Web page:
By Doug Barney
RapidMind, Inc. of Waterloo, Ontario (www.rapidmind.com) recently announced version 3 of the RapidMind Multi-core Development Platform. Earlier versions of the environment allowed C++ programmers to exploit graphics processor units (GPU). With the new release, developers can take advantage of both graphics accelerators and multicore processors from AMD and Intel.
The number of processor cores is increasingly rapidly. Unfortunately, off-the-shelf operating systems and applications aren’t designed to fully exploit all these cores, experts contend.
In fact, applications can actually run slower on multicore systems, argues Mike McCool, chief scientist for RapidMind. Here’s how it works. As chip makers moved to multicore, due to power and heat considerations, they end up limiting the clock rates of individual cores. If the application only really exploits one core and that core runs more slowly, then the application runs more slowly, McCool says.
“It is pretty amazing what you can do with an off-the-shelf CPU and GPU, but no one is using them,” says Ray DePaul, president and CEO of RapidMind. Microsoft, especially on its client operating systems, hasn’t bridged this gap, RapidMind execs believe. “Microsoft hasn’t really spent time looking at what to do about this major disruption,” DePaul adds.
According to company officials, some developers go through the laborious process of building multithreaded applications to exploit the new generation of processors. This approach can be vulnerable to errors, often only exploits a fixed number of processor cores, and are frequently vendor specific.
The company believes that this style of multithreading programming is fraught with problems, including high overhead that slows performance, and that scalability is achieved only by specifically rewriting applications for new back-end hardware.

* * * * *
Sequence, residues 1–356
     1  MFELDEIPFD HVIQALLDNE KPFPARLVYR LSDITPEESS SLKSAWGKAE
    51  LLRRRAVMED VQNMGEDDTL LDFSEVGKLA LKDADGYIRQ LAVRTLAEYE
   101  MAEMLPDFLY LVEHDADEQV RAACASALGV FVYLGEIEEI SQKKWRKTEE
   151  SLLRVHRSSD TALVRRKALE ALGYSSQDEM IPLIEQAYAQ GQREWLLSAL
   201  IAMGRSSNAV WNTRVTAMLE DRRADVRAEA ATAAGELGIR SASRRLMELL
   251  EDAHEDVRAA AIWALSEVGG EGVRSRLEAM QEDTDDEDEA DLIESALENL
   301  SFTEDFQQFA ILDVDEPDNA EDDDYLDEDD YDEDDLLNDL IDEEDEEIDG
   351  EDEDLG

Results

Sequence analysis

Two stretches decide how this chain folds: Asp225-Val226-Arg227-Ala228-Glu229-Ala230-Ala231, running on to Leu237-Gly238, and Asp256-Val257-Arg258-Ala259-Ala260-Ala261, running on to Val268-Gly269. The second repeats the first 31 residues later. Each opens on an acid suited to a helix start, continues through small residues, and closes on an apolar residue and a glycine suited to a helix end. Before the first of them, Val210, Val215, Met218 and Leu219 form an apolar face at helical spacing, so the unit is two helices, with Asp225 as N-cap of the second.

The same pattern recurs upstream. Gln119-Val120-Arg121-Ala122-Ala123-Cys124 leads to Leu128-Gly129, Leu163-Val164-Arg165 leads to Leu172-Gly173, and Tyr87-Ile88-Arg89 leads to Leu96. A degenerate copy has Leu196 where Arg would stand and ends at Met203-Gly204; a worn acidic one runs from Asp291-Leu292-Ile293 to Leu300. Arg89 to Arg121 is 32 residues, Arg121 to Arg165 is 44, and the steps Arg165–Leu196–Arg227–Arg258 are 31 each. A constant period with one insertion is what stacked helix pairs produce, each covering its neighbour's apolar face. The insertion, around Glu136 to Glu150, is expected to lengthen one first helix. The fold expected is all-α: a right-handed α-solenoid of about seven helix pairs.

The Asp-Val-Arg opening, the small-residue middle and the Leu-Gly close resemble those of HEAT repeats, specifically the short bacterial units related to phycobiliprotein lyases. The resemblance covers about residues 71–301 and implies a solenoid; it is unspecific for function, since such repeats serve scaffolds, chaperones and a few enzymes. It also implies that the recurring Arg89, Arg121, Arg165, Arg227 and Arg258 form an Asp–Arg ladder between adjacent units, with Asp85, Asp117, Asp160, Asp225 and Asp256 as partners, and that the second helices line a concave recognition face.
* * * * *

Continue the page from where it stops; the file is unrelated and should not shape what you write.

That’s where a product like RapidMind comes in. RapidMind, which can be described as middleware, makes it easier to build parallelized programs.
New applications can be written, or current programs can be ported to work with the RapidMind environment. RapidMind will automatically parallelize the application and spread the processing across all the cores. And as more cores are added, RapidMind will take advantage of those as well. The company claims typical performance gains of up to 10 times or more.
This isn’t just an issue for traditional high-performance computing applications such as engineering and technical computing. RapidMind also has customers in financial analysis, enterprise search, database, and digital video.
RapidMind today only supports C++, but is looking at possibly supporting newer languages such as C# in the future.
Any IDE that supports C++ can be used, including Visual Studio. More specifically, RapidMind supports Microsoft Visual C++ versions 7 and 8, as well as GCC 4 with Linux.
Developers can write brand new apps, or port their old ones. When porting, it makes most sense to focus on the areas that would benefit from a multicore or GPU boost. “Developers know where the slow parts are. We have simple APIs or calls they can make (to speed up these parts of the application),” says DePaul.
The IT industry today is looking to maximize server utilization. This increases density, reduces costs, and saves on electricity. Virtualization is one way to maximize utilization, but even as you virtualize, you might still have cores that are underutilized.
By helping individual applications better exploit hardware, RapidMind believes it plays a complementary role in virtual environments.
RapidMind is not the only company addressing the gap between CPU and GPU power and software. PeakStream has a similar story, but was recently acquired by Google, which now appears to be using PeakStream to make its existing server farms more efficient. Only time will tell if Google offers these capabilities to outside developers.
RapidMind, which claims 1,000 developers, is partnering with IBM and HP to help developers take better advantage of these hardware vendors’ high-end server platforms.
On the hardware side, the environment supports GPUs from NVIDIA and ATI.
For more details on the RapidMind environment, visit rapidmind.net/News-Nov5-CPU-Launch.php.